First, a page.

Ancestral Pueblo: Southern Colorado Plateau (Anasazi)Western AnasaziTusayan (Kayenta)Jeddito Yellow WareJeddito Black-on-yellow

Type Name: Jeddito Black-on-yellow

Period: 1300 A.D. - 1375 A.D.
Culture: Ancestral Pueblo: Southern Colorado Plateau (Anasazi)
Branch: Western Anasazi
Tradition: Tusayan (Kayenta)
Ware: Jeddito Yellow Ware


First posted by C. Dean Wilson 2013

Pottery that would now be defined as Jeddito Black-on-yellow was first described by Fewkes (1898) and defined by Hargrave (1932). Jeddito Black-on-yellow exhibits decorations in black iron-manganese paint over a yellow surface (Colton and Hargrave 1937; Hays 1991; Lyons and Hays-Gilipin 2001; Smith 1971). Jeddito Black-on-yellow appears to have been produced from about A.D. 1300 to 1375. This type was produced in the Hopi villages, primarily on Antelope and Third Mesas but was traded extensively across much of the Southwest.

Surface and paste are often a creamy show color although some examples may be buff or orange and indicate consistent firing in an oxidizing atmosphere. Temper consists of very fine quartz sand that seem to represent particles naturally occurring in the clay. Decorated surfaces are slipped but are usually well-polished. Vessel walls are often thick. Vessel forms mainly consist of bowls and ladles, with jars being much less common. Bowls are sometimes decorated on both the interior and exterior surface. Vessels are very hard, well fired, and shatter when broken. Painted decorations are applied in an iron-manganese pigment that ranges from black to brown in color. Designs are applied to jar exteriors and bowl interiors and exteriors. Designs mainly consist of stylized life forms composed of geometric forms. Paint spattering is common on the decorated surface. Designs are often open but with more compact black elements which often include squiggle lines and filled circular motifs. Overall quality of execution of designs varies greatly. Varieties of this type have sometimes been defined based on additional decorative treatments and include Jeddito Stippled and Jeddito Engraved.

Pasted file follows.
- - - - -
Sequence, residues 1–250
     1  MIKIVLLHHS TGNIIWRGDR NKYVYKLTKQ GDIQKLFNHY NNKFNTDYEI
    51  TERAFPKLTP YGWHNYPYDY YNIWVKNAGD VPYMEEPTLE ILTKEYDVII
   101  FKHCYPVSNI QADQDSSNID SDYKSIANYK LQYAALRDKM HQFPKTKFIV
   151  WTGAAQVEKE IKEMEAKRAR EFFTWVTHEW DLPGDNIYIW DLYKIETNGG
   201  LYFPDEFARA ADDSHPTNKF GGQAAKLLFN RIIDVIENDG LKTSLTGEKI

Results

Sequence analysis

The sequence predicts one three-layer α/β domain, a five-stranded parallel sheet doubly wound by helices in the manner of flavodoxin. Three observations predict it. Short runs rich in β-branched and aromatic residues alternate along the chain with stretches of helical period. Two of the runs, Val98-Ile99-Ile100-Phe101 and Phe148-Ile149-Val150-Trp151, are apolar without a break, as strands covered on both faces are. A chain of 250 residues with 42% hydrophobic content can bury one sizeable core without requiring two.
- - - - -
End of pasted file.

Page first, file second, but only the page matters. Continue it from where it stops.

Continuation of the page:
References:
Colton, Harold S. and Lyndon L. Hargrave
1937 Handbook of Northern Arizona Pottery Wares. Museum of Northern Arizona, Bulletin No. 11, Northern Arizona Society of Science and Art, Flagstaff.

Fewkes, Jesse W.
1898 Archaeological Expedition to Arizona in 1895. 17th Annual Report, 1895-1896, Bureau of American Ethnologlogy, pp. 519-741, Washington D.C.

Hargrave, L Lyndon
1932 Guide to Forty Pottery Types from the Hopi Country and the San Francisco Mountains, Arizona. Museum of Northern Arizona Bulletin, No. 1, Flagstaff.

Hays, Kelley A.
1991 Ceramics. In Homol’ovi II: Archaeology of an Ancestral Hopi Village, Arizona. edited by E.C. Adams and K. A. Hays, pp. 23-49. Anthropological Papers of the University of Arizona, No. 55. University of Arizona Press, Tucson.

Lyons, Patrick D. and Kelley Hays-Gilpin
2001 Homol’ovi III Ceramics. In Homol’ovi III: a Pueblo Hamlet in the Middle Little Colorado River Valley. edited by E.C. Adams, pp.137-226. Arizona State Museum Archaeological Series 193, Tucson.

Smith, Watson
1971 Painted Ceramics of the Western Mound at Awatovi. Reports of the Awatovi Expedition, Report No. 8. Papers of the Peabody Museum of Archaeology and Ethnology, Harvard University, Vol. 38. Peabody Museum, Cambridge.




Related Photos

Jeddito Black-on-yellow bowl sherd (interior surface)

Jeddito Black-on-yellow bowl sherd (exterior surface)

Jeddito Black-on-yellow bowl

Jeddito Black-on-yellow bowl

Jeddito Black-on-yellow bowl

Jeddito Black-on-yellow bowl

Jeddito Black-on-yellow jar